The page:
In April 1974, the City of Swansea was merged with the Gower Rural District to form the new District and City of Swansea. The Arms granted to the Corporation of the County Borough of Swansea in 1922 were transferred unchanged to the new City Council in May 1975. The Certificate of Transfer of the College of Arms dated 11 March 1976 confirmed the re-granting of the Arms. With the 1996 reorganisation of local government, the arms were transferred a second time to the present City Council.[20]

Council premises

Civic Centre overlooking Swansea Bay
Civic Centre overlooking Swansea Bay

See also

References

  1. ^ "Council minutes, 20 May 2022" (PDF). Swansea Council. Retrieved 30 October 2022.
  2. ^ "Swansea Council appoints interim Chief Executive". 23 March 2022. Retrieved 30 October 2022.
  3. ^ "Swansea County Borough". A Vision of Britain through Time. GB Historical GIS / University of Portsmouth. Retrieved 30 October 2022.
  4. ^ "Compositions calculator". The Elections Centre. Retrieved 30 October 2022.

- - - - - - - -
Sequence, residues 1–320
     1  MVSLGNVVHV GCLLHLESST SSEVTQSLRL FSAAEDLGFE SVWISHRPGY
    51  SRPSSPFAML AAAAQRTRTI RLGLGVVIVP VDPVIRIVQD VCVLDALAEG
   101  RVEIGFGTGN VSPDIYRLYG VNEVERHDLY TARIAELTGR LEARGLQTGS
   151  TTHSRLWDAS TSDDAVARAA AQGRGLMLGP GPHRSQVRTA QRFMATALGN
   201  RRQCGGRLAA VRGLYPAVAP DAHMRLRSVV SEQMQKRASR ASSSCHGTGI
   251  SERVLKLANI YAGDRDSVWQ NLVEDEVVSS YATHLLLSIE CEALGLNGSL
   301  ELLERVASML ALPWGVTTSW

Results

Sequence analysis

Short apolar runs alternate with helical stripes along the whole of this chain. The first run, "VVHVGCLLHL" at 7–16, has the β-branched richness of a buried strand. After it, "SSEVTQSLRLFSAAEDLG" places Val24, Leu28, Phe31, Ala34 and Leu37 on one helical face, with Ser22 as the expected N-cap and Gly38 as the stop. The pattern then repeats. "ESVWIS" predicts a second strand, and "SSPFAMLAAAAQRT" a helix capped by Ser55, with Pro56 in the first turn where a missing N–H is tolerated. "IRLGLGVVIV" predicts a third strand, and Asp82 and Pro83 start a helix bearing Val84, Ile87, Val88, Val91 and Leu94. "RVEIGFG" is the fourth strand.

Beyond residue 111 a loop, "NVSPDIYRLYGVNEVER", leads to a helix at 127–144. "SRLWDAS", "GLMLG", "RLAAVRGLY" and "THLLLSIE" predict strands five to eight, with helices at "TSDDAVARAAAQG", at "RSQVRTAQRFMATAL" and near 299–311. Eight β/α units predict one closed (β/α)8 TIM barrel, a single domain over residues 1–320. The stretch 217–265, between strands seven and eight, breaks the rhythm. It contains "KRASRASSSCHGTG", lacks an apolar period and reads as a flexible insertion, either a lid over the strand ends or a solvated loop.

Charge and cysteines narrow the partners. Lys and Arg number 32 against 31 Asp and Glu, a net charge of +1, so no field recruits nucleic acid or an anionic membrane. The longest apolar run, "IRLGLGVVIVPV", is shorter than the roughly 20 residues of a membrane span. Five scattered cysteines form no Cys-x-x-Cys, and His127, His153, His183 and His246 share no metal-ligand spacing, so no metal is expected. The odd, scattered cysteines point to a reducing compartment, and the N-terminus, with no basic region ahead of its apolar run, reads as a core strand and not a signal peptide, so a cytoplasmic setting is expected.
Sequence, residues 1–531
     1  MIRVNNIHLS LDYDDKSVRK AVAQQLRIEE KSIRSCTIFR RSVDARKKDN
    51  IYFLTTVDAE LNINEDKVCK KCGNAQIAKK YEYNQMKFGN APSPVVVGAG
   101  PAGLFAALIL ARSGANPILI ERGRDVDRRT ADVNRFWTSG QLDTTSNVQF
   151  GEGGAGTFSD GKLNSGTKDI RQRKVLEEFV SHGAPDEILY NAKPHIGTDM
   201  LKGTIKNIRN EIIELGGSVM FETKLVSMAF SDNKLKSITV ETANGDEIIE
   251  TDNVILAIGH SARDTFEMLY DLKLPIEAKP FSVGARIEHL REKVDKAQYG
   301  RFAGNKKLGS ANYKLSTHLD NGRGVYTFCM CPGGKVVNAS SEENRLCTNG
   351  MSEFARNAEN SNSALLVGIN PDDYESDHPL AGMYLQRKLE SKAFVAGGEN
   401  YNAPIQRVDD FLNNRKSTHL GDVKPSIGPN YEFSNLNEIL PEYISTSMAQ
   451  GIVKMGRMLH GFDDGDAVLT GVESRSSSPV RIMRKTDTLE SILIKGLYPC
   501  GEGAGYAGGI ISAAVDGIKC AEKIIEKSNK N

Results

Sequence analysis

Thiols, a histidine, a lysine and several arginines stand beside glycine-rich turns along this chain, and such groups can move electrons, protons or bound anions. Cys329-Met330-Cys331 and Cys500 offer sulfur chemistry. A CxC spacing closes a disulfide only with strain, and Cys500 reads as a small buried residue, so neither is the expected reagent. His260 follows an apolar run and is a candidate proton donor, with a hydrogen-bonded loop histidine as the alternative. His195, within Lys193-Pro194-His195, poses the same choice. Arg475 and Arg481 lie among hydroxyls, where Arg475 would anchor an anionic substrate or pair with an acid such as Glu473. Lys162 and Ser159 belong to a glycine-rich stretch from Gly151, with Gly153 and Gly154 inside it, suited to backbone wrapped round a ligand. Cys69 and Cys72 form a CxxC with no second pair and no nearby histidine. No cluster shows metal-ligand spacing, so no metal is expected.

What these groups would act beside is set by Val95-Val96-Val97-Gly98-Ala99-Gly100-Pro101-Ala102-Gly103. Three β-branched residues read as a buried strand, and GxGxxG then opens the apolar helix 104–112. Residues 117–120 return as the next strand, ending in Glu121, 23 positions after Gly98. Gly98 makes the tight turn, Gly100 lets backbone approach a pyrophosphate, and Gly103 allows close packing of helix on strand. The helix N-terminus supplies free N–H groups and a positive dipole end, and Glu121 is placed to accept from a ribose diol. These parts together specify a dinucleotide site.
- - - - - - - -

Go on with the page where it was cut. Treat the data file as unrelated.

5. ^ "Council minutes". Swansea Council. Retrieved 30 October 2022.
  6. ^ "Swansea council leader David Phillips steps down". BBC News. 28 August 2014. Retrieved 30 October 2022.
  7. ^ "Rob Stewart set to lead Labour-ruling Swansea council". BBC News. 2 September 2014. Retrieved 28 July 2019.
  8. ^ "Swansea council - Lab lose to NOC". BBC News. 11 June 2004.
  9. ^ "Local Election Results 2004 - Swansea". Local Elections Archive Project (Andrew Teale).
  10. ^ "Local Election Results 2008 - Swansea". Local Elections Archive Project (Andrew Teale).
  11. ^ "Vote 2012 - Swansea". BBC News. 4 May 2012.
  12. ^ "Local Election Results 2012 - Swansea". Local Elections Archive Project (Andrew Teale).
  13. ^ "Labour increases Swansea lead and holds Neath Port Talbot". BBC News. 5 May 2017.
  14. ^ "New Lord Mayor for Swansea". City of Swansea. Archived from the original on 9 August 2017. Retrieved 9 August 2017.
  15. ^ "Lord Mayor of Swansea". City of Swansea. Retrieved 14 December 2015.
  16. ^ "Ceinwen Thomas installed as the new mayor of Swansea". South Wales Evening Post. Retrieved 13 October 2014.
  17. ^ "New Lord Mayor and Deputy Lord Mayor for Swansea". South Wales Evening Post. Retrieved 30 April 2014.
  18. ^ a b c "Records relating to the Mayor/Lord Mayor of Swansea". Swansea City Council. Archived from the original on 1 May 2014. Retrieved 30 April 2014.
  19. ^ Richard Youle (30 June 2021). "Swansea is to have three more councillors next year as some boundaries change". Wales Online. Retrieved 22 May 2022.
  20. ^ The Local Authorities (Armorial Bearings) (No. 2) (Wales) Order 1996 (1996 No. 1930 ) (OPSI website), accessed October 2, 2007